While TrimTabs reported that investors pulled the largest amount of money from the market in the week ended Wednesday, $19.86 billion, compared to the week after 9/11, when they took $16.5 billion off the table, the majority of the withdrawals are by large institutional investors, Dow Jones reports.
That means that retail investors are riding it out, but many expect that will change, adding to the pain.
Individual investors are “kind of neutral players,” said Milton Ezrati, chief economist at Lord & Abbett. So far, a “sense of fear” has shepherded them to conservative investments, he said. However, “The longer [market turbulence] persists, the more likely they’ll act on their fears,” Ezrati added.
“Mutual fund investors are not panicking,” said Bob Adler, president of AMG Data Services, which reported that investors took $2.37 billion out of funds in the week ended Wednesday. Putting that in perspective, Adler said, it’s a small amount compared to the $151 billion decline in market value in those funds in that time.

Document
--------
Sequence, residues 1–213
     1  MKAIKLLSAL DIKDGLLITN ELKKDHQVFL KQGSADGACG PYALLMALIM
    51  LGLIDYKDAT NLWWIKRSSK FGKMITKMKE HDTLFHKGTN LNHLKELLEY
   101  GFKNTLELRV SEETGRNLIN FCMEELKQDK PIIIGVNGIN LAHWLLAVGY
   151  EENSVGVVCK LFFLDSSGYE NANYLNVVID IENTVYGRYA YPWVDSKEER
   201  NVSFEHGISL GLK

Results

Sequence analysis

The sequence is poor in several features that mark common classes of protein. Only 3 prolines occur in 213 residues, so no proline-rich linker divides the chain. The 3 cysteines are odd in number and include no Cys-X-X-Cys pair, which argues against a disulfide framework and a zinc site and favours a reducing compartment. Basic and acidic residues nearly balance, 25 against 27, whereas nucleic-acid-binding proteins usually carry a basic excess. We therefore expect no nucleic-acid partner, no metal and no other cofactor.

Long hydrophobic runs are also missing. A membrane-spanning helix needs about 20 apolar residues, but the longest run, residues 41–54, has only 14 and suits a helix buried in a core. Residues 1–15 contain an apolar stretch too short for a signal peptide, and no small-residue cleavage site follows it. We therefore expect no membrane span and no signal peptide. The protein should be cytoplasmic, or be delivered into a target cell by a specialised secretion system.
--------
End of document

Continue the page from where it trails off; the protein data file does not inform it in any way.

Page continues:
“So far, investor departure have been orderly,” Adler said.
Indeed, of the 300 clients that financial advisory firm Greenbaum and Orecchio serves, only 10 have called in the past three weeks to ask about their holdings.
However, other industry experts are picking up the sense that investors are already heading for the exits. “Individuals are not helping,” said Jack Ablin, chief economist at Harris Private Bank. “They are throwing gasoline on the fire.”
One indication of this, he said, is the discounts at which some closed-end funds are now trading, a sign of a sell-off. Thomas J. Herzfeld, president of Thomas J. Herzfeld Advisors, a closed-end fund shop, said he sees discounts in all types of closed-end funds, not just a few, and he believes it’s due not just to institutional investors but also to retail investors.
“Some relatively new investors in closed-end funds, who haven’t been through a serious sell-off, are getting nervous and calling their brokers and saying, ‘Get me out,’” Herzfeld said.